However, it does come with its awkward moments. As an American, I have slowly adapted to giving the puszi kisses. I kiss my friends hello and goodbye, with barely a batted eyelash. However, students. That is just strange, but it is rude not to do so. It doesn't help that I never remember the right number of kisses, or which side goes first. This lead to a Friday full of bobbing, weaving and being called back by students to try again.
Saturday was our charity/women's day ball. A basic run down of a Hungarian ball: drinks, performances by students (usually), dinner, dancing, raffle and at midnight a second dinner. As per a couple weeks ago, I was slated to preform. So at 6:30 we showed up to the school. We were greeted by a couple of the teachers, giving last minute instructions to a large number of my students. They gave all of us girls (everyone but Jeb), Calla Lillys, and all of us a glass of champagne. One of the teachers showed us to our assigned table, and we then meandered about admiring the preparations. At about 6:45, I left my friends to join the others giving performances. My 12b boys (who were also reading poetry) asked about my stage fright (a phrase I taught them the week before), and 11d girls (who all looked pretty in their folk dancing costumes) admired Tara and Lyla's hair/makeup job. I was one of the last to preform, and my heart was beating so loudly I could not hear myself recite. It must have gone OK, because I got a standing ovation, and thumbs up from people I don't even know. Afterwards I tried to sneak up stairs with the help of one of my students (I was hiding behind him), but we got caught and told to not go upstairs yet.
Finally allowed to go upstairs, I was greeted with smiles and waves and a shot of Hazi palinka. Dinner was amazing, although we all got scolded for not having soup first. We danced (I got spun so much I almost threw up). Someone I had never met before asked Sani if he could dance with me, and someone else asked to take a picture with me. (I kid you not, although afterwards he told us he was one of my students' dad). At the end of the night, we were hanging out at the table, waiting for the raffle, when Csilla and all of the student waiter/waitresses walked up to us.
"Briggi, the students have a special task for you"
Oh no, I thought, what are they volunteering me to do? Turns out I was the raffle-puller girl. We had a ridiculous number of prizes (see Lauren's post for photos), and it took over 45 minutes and much confusion to pull them all.
Monday, we got more flowers. In seventh period the male teachers had arranged a party for all of the women who work at the school. At 2pm we walked into the lunch room, transformed into women's day party room. On Sunday Jeb had been looking for his favorite type of beer at the store, but could not find it. I think the male teachers bought it out, there was also wine, shots of Baily's, shots of cherry stuff, cakes, and of course more flowers and poetry. I never thought I would be drinking a) at school, b) on a school day, and c) served to us by our principal.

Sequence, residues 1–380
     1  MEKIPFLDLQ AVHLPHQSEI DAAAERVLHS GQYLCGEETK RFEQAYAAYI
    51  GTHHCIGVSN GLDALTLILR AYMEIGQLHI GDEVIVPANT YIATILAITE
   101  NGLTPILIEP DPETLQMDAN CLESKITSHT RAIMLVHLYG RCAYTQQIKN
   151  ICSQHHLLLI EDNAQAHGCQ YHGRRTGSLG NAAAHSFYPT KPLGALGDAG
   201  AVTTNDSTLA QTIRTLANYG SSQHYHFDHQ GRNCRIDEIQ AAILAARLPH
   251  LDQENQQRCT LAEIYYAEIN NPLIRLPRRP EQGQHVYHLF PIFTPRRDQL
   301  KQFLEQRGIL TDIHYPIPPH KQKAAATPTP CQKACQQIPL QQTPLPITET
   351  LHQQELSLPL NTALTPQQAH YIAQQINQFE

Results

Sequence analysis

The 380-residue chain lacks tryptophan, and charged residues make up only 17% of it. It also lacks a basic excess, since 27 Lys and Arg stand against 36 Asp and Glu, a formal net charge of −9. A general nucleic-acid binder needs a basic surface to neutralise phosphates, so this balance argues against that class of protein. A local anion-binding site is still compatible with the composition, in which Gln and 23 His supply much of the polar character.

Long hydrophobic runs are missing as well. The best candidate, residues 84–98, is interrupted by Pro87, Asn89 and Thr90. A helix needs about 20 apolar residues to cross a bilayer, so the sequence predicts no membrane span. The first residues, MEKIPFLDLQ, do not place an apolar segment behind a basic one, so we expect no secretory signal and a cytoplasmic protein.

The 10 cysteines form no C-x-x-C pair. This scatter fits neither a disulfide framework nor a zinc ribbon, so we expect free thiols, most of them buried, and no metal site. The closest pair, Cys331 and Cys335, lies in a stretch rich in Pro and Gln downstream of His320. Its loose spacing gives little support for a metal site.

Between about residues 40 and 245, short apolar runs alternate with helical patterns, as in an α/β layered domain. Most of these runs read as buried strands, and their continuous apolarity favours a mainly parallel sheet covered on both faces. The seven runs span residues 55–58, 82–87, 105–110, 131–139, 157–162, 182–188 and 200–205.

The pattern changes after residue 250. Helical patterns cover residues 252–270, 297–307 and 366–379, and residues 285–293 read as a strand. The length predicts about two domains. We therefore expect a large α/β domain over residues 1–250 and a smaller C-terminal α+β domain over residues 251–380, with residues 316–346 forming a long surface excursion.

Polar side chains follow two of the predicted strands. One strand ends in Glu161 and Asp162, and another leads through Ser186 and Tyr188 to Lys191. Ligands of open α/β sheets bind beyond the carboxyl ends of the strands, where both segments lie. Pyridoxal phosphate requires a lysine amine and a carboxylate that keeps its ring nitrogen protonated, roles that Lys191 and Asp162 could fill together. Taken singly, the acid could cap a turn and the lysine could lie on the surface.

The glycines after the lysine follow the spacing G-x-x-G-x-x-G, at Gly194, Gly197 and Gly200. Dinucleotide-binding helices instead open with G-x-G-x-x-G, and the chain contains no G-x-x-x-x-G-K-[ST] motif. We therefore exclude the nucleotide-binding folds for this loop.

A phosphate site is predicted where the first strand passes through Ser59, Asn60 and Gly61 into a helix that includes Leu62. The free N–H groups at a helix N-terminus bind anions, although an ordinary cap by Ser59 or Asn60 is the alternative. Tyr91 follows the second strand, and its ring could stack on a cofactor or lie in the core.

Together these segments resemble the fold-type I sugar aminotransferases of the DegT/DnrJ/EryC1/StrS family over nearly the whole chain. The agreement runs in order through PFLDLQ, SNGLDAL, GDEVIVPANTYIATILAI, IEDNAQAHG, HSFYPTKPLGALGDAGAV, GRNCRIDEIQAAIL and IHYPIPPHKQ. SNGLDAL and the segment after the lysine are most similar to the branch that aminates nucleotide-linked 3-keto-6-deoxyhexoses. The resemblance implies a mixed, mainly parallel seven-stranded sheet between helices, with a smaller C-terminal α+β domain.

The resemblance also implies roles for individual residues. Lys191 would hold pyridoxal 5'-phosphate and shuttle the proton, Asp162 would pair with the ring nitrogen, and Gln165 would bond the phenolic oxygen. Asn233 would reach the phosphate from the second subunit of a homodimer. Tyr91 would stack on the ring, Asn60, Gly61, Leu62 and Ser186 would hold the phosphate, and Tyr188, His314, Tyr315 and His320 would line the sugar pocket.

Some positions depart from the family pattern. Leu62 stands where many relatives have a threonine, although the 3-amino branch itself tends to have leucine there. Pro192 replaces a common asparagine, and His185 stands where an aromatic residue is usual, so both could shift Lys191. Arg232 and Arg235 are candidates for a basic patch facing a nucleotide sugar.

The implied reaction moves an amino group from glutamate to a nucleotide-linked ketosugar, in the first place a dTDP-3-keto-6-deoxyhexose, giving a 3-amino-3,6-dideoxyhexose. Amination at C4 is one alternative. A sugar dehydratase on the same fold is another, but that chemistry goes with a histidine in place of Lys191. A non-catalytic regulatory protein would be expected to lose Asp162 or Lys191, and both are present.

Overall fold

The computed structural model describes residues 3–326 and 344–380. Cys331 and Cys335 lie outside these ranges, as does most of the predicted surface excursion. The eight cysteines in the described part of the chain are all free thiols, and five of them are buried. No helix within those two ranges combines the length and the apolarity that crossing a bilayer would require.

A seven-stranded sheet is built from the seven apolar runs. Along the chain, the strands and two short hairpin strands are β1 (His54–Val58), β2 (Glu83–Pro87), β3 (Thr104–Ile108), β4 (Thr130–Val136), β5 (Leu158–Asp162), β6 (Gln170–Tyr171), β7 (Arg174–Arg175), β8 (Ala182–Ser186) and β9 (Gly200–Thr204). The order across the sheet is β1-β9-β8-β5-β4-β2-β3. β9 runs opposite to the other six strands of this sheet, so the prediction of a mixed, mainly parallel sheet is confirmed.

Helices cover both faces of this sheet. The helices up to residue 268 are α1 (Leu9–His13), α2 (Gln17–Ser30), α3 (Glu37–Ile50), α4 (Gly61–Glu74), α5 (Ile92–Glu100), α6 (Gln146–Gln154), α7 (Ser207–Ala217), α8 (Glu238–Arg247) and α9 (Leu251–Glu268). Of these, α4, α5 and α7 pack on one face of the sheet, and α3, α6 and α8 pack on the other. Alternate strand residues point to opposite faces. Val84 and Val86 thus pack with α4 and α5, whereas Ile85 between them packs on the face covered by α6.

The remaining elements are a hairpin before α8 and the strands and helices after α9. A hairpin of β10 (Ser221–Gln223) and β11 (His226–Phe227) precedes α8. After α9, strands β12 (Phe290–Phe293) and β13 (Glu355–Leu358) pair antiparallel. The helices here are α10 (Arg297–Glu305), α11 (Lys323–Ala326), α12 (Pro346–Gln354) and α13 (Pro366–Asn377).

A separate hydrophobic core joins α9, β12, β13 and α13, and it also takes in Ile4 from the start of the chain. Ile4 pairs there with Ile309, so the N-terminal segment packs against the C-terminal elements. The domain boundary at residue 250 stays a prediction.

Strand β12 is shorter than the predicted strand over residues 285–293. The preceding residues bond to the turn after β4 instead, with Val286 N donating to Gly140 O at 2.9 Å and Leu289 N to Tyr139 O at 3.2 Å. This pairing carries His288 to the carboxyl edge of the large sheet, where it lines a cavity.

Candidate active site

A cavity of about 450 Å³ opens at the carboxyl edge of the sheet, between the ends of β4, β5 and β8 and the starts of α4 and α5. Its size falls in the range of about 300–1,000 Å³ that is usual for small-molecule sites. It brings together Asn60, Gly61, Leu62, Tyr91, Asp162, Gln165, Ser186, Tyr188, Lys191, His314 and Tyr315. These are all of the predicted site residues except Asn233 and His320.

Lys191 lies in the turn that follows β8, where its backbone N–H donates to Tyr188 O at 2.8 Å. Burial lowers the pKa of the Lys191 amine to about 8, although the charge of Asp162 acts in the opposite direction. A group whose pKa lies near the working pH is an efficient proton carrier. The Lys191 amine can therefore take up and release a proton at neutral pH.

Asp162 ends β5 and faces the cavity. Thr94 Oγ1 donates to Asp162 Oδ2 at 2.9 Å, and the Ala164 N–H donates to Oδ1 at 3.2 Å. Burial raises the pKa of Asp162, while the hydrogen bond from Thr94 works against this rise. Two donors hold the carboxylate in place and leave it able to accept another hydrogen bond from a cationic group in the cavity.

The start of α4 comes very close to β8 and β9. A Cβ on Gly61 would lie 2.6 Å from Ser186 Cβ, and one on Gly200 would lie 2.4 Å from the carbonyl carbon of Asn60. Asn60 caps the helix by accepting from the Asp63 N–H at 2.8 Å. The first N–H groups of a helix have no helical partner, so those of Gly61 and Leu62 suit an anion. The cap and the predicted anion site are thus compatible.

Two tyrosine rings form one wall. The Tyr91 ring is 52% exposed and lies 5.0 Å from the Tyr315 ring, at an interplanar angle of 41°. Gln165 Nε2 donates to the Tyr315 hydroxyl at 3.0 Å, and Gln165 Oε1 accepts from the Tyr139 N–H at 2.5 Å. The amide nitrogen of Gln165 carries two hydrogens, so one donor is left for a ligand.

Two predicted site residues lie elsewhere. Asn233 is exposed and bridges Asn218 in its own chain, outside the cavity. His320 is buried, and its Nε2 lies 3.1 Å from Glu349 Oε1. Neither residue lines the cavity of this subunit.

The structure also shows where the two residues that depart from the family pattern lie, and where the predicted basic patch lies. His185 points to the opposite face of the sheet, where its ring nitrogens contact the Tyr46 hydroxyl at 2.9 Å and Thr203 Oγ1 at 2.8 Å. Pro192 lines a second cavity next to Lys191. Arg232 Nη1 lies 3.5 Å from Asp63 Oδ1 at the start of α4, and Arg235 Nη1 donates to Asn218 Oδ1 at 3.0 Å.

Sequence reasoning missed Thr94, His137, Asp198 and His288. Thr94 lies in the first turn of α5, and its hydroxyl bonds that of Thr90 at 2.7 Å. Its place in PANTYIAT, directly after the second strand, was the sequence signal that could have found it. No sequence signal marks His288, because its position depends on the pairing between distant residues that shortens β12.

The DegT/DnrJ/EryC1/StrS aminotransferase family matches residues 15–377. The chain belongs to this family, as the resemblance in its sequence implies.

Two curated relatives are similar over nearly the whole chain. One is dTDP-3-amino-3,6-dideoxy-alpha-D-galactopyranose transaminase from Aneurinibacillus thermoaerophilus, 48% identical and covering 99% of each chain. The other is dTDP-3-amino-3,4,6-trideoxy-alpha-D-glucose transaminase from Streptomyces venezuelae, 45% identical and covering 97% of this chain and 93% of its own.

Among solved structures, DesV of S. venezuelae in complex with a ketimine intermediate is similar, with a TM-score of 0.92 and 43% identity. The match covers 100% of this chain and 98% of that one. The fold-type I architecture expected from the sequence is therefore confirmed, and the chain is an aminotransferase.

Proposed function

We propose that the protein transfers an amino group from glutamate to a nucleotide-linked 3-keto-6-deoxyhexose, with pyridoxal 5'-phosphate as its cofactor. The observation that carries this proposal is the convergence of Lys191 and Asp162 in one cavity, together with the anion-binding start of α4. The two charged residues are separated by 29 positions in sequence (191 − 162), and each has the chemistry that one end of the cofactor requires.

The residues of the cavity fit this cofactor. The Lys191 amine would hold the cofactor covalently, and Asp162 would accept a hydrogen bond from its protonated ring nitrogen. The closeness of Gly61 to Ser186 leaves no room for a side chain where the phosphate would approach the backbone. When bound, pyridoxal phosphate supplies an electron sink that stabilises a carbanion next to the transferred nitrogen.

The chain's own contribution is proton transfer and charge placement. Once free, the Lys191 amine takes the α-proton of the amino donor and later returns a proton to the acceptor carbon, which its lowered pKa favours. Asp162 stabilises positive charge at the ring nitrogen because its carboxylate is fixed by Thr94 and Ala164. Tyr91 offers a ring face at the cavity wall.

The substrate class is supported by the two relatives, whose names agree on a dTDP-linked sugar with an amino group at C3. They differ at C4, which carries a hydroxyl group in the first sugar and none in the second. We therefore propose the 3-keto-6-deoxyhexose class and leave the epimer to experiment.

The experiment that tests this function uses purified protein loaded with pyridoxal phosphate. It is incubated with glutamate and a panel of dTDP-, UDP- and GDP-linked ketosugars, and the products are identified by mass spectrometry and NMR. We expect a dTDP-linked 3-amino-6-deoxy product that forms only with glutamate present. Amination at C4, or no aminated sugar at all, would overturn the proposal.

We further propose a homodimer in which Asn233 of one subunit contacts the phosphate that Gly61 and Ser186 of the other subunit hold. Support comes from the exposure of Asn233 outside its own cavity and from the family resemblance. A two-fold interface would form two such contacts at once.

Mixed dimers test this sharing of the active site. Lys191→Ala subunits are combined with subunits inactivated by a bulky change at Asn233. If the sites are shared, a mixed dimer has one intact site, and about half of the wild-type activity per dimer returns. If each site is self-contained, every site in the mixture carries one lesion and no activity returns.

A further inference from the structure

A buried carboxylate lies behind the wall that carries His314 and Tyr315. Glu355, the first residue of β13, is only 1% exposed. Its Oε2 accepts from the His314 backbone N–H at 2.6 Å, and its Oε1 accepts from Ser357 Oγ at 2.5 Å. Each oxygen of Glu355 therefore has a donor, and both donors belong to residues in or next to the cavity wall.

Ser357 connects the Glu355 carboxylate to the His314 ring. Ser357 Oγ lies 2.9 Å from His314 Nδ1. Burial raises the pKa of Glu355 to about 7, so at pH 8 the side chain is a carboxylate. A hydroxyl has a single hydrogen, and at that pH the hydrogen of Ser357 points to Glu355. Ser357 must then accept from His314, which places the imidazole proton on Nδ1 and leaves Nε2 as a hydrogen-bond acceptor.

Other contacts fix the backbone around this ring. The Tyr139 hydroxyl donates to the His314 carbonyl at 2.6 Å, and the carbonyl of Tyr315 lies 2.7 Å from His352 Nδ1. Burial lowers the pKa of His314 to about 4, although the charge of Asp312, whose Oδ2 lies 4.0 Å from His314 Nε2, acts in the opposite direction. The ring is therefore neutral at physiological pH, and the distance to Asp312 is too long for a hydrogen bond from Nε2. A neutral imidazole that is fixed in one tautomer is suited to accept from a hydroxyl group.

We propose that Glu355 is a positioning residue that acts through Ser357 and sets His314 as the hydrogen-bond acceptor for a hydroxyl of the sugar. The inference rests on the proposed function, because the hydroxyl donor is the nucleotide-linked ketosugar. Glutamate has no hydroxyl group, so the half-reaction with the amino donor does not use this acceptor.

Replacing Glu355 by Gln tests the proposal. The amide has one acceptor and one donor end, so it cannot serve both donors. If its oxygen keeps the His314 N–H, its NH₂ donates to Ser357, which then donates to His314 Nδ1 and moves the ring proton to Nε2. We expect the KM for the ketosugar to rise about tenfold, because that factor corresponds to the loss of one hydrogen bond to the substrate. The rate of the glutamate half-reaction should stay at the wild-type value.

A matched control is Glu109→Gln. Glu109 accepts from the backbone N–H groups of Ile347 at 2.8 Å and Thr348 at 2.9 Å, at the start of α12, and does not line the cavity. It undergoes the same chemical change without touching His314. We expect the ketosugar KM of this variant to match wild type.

5:15 am - My alarm beeps an incessant demand to wake up...I hit snooze
5:23 am - Hit snooze...think about waking up. Realize it is a busy morning, and haul myself out of bed
5:30 am - whip up the brownies I promised Dia
6 am - Brownies are in the oven, and I drink luke-warm tea and have left over batter for breakfast
6:30 am - Fret about the fate of the brownies on facebook chat
6:31 am - pull out the brownies, begin to get ready
6:44 am - remember that Today is picture day, and we are supposed to look 'formal'...I have nothing formal, begin to look for something nice that Borris has not destroyed
7:30 found something, brushed hair, make up on....and look for boots to cover the fact that all my stockings are holey...
7:40 - Running Late! Run to school, passing several dawdling students.
8:00 - Just made it in before the bell. Look around...all of the other teachers are in suits, I feel really under dressed in a skirt, turtleneck and boots.
10 am - free period, chill out in Maria's office and wait for coffee.
10:05 Kata walks in and tells me there will be no performances (including mine) at the ball on Saturday, as she has been too sick to organize it. I am horribly confused and begin to wonder what I bought tickets to.
10:06 Relief sets in, as I realize I don't have to butcher the Hungarian language in front of all of Heves
10:07 Consider calling friends to ask if they want to cancel
10:08 Agi sweeps into the conversation about the ball/not ball. I still have to preform.
10:10 I go eat a brownie, and begin hard core poetry cramming.
I wish the weather was nicer -- Heves has been foggy and drizzly and grey since maybe Saturday.
I wish I had something to wear -- Bah, we have two formal events this week, first 12d's class portrait tomorrow, then on Saturday our ball. Between Borris' destruction of my clothing, my increased chubbiness, and a closet full of informal things, tomorrow's selection is slim.
I wish I had bought the cow-shaped Nintendo-like game at the market -- does that even need an explanation?
I wish I had a plan -- But, maybe I still have time.